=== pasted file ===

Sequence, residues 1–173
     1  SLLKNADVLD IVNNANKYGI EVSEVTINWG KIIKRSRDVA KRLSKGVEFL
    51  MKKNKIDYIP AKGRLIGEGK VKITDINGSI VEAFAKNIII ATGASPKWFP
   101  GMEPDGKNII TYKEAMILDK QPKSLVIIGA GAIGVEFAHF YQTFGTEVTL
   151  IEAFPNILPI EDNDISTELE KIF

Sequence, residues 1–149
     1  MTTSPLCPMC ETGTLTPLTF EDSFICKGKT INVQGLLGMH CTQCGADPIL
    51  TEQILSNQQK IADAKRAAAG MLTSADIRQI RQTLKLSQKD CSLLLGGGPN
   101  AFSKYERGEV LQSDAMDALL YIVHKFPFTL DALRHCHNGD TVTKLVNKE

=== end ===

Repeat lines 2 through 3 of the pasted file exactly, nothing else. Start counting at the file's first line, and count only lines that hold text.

     1  SLLKNADVLD IVNNANKYGI EVSEVTINWG KIIKRSRDVA KRLSKGVEFL
    51  MKKNKIDYIP AKGRLIGEGK VKITDINGSI VEAFAKNIII ATGASPKWFP